Glycolysis exergonic?

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Glycolysis exergonic?

Post by mutant » Sun Oct 23, 2005 4:28 am

Having a bit of a problem here. Which steps in glycolysis are exergonic? Please explain structurally why these steps are exergonic. Also, when considering the metabolism of pyruvate to carbon dioxide, which steps involve a decarboxylation, and why is this reaction difficult? Which cofactors are used to make it more favorable? ANy response would help me a great deal. Thanks

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Re: Glycolysis exergonic?

Post by zami'87. » Sun Oct 23, 2005 7:58 am

Hey! Yes glycolysis is exergonic.Most energy is converted and stocked in pyruvate and results of glycolysis are 2ATP and 2(NADPH+ H+). Some energy is released as heat.
NADH and FADH2(from glycolysis and Krebs’ cycle are oxidized and electrons are transported through el trans. Chain to oxygen.Energy is released and ATP is produced.
Which steps? Where the product has less energy than reactant like in steps where ATP is produced from ADP and Pi and substrate is oxidized eg.-1,3-biphosphoglycerate to 3-phosphoglycerate and pyruvate.
Pyruvate to acetyl group-There are 3 enzymes(E1,E2,E3). Enzyme E1 decarboxylates (its cofactor thiamine pyrophosphate reacts) pyruvate.E2 transfers acetyl group to CoA. E3 helps in reduction of NAD+ to NADH.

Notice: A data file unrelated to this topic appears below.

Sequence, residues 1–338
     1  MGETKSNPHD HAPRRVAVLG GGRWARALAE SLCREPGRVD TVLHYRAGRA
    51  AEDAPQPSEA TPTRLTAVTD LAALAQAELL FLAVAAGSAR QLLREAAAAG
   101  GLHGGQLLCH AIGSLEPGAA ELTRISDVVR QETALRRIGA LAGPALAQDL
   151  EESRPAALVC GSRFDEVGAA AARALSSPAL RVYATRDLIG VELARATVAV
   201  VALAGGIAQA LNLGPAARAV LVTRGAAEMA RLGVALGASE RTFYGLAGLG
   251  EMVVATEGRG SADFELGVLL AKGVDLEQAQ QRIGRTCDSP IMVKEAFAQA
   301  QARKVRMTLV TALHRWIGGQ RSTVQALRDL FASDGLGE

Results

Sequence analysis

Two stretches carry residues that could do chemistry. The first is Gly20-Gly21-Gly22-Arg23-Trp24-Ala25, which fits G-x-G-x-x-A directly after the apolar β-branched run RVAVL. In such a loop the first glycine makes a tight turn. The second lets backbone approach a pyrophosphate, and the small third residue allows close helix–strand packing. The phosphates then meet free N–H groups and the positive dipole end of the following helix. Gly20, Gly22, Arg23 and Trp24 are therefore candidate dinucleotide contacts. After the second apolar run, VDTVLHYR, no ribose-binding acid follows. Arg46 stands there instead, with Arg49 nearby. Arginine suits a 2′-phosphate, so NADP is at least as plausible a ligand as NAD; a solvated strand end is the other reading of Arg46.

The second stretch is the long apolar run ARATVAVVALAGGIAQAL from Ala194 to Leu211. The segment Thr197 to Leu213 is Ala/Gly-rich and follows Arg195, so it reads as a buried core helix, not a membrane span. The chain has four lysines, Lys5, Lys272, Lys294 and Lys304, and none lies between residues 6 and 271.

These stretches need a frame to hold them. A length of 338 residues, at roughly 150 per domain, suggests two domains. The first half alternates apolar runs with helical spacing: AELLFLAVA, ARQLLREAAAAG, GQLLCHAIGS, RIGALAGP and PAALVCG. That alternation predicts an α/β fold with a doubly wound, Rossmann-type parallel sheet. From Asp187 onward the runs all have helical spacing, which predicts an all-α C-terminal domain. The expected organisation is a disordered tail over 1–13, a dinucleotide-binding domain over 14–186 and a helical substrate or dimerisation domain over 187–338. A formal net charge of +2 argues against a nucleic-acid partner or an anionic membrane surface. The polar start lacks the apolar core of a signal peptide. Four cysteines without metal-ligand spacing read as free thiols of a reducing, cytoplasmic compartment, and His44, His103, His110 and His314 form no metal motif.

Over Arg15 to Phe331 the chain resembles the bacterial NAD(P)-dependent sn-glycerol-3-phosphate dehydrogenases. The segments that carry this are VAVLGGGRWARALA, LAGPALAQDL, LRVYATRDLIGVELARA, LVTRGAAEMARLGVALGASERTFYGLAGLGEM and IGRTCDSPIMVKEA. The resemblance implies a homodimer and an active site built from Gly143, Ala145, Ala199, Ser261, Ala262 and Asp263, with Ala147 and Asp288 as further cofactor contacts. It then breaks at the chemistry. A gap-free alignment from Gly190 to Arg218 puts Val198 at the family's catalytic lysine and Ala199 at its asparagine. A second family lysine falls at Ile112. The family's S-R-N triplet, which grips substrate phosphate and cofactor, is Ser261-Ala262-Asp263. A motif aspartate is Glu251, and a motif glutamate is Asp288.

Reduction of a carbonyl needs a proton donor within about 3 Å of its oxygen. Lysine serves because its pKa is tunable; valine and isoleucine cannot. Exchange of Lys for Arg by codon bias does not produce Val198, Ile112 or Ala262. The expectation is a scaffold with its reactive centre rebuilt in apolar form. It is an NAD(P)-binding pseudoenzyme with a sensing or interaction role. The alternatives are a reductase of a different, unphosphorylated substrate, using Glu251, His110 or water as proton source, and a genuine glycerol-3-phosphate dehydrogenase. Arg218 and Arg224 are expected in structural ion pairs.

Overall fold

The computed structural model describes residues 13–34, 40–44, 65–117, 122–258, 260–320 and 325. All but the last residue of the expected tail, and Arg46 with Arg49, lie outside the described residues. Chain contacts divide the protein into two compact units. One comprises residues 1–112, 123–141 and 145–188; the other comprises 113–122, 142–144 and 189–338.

Then in Krebs cycle isocitrate to alpha-ketoglutarate(enzyme isocitrate dehydrogenase),alpha-ketoglutarate to succinyl-CoA(enzyme alpha-ketoglutarate dehydrogenase).

Correct me if I’m wrong :oops: .

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Post by fran008 » Sun Oct 23, 2005 8:15 am

The exergonic steps i.e. those that are the @energy [email protected] portion of glycolysis are

1. Dihydroxyacetone phosphate -> glyceraldehyde 3-phosphate
2. glyceraldehyde 3-phosphate-> 1,3-Biphosphoglycerate
3. 1,3-Biphosphoglycerate-> 3-phosphoglycerate
4. 31,3-Biphosphoglycerate-> 2-phospoglycerate
5. 2- phospoglycerate->phosphoenolpyruvate
6. phosphoenolpyruvate-> pyruvate
In 1. the DAP molecule is rearranged to form G3P molecul

In 2. the two molecules of G3P gain phosphate groups and oxidised, forming two molecules NADH + H+ and two molecules 1,3-Biphosphoglycerate

In 3 the two molecules of BPG transfer phosphate groups to ADP, formind two ATPs and two molecules of 1,3-Biphosphoglycerate

In 4 the phosphate groups on the two 3PGs move, forming two 2-phospoglycerate

In 5 the two molecules of 2PG lose water, becoming two high-enery phosphoenolpyruvates

In 6 finally the two PEPs transfer their phosphates to ADP forming two ATPs and two molecules of pyruvate.

Next question

So decarboxylation happens when pyruvate is converted to acetyl coA, when isocitrate is turned into alpha ketoglutrate when alpha ketoglutrate is turned to succinyl co A. Reason why it is hard i dont know frankly. Im sure someone else can help.

co factors used are NADH

Hope it was of help

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